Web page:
In the context of an agreement for the sale of an estate agency business, the Court of Appeal has ruled that a contractual clause should be interpreted in line with its ‘natural meaning’. Notwithstanding the rather surprising outcome, the commercial context did not justify a departure from a literal interpretation.
The business was sold for consideration of £800,000, to be paid by instalments over a five-year period. The contract provided that the sellers would remain non-executive directors of the company during that period so as to provide assistance to the buyer. A dispute arose over payment and the buyer purported to terminate the sellers’ directorships. The sellers argued that they were entitled to stay on as non-executive directors until the whole of the purchase price had been paid.
The sellers’ arguments prevailed at first instance. However, in reversing that decision, the Court of Appeal ruled that, on a correct interpretation of the contract, the buyer did have the power unilaterally to remove the sellers from office as soon as the agreement had been made and prior to the balance of the purchase price being paid.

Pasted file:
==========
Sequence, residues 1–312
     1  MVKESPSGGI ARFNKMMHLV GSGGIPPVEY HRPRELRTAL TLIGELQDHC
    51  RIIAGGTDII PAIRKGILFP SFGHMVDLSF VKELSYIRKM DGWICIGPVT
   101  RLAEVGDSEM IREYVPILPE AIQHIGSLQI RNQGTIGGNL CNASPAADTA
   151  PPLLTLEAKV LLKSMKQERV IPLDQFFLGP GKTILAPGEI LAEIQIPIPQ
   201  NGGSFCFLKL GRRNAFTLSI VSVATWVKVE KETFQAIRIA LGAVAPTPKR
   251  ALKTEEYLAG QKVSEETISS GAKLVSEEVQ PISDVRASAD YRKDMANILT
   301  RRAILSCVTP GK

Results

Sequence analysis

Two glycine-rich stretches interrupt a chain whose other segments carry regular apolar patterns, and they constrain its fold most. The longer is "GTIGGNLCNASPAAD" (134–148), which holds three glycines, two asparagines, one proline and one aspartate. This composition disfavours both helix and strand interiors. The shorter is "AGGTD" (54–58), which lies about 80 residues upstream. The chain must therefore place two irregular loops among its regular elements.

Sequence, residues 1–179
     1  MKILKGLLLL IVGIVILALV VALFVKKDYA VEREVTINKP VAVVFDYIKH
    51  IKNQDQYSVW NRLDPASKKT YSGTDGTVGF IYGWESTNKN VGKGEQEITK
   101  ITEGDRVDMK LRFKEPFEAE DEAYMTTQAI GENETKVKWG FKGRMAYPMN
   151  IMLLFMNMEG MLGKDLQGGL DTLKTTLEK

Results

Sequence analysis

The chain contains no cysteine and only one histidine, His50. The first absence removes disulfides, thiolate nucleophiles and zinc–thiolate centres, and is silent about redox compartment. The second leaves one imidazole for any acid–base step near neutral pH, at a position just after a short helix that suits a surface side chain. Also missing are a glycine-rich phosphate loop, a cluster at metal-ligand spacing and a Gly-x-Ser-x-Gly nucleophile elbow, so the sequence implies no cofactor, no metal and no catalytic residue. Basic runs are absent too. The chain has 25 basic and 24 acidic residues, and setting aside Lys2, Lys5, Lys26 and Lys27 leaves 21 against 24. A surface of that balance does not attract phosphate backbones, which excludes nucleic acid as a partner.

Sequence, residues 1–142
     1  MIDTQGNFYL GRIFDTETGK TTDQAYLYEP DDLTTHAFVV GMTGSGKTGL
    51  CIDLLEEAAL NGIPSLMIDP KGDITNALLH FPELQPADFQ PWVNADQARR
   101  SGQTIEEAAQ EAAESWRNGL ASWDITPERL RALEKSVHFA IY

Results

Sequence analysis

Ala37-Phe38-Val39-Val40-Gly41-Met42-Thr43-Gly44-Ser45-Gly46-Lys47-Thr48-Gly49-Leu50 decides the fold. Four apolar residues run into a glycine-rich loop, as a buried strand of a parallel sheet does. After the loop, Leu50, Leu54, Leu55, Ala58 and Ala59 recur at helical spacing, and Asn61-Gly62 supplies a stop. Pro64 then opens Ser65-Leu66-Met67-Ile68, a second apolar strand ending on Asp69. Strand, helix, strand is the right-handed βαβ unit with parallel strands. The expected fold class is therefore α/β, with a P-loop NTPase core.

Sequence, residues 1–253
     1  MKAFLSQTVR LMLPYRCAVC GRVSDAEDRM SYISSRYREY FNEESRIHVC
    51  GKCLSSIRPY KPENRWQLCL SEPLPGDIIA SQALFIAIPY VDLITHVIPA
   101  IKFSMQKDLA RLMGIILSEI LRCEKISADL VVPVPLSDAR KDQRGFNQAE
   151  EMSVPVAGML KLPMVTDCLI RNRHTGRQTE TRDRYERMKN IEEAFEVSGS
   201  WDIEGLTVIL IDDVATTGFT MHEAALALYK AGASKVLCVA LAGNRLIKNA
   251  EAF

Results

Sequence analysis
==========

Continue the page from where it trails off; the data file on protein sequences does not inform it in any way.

The Court acknowledged that this was a surprising result. It agreed that the contract should be viewed as a whole and that the judge’s interpretation of the relevant clause at the original court hearing was a ‘possible’ one and was backed by ‘respectable arguments’. However, the Court ruled that the commercial context was not so compelling as to require a departure from the usual rule that contracts should be interpreted in accordance with their ordinary meaning. The Court concluded that in this case ‘the actual wording is a more reliable guide to construction than anything else’.
If you are selling your business with the sales consideration being received over time, we can advise you how to construct the contract for maximum protection of your position.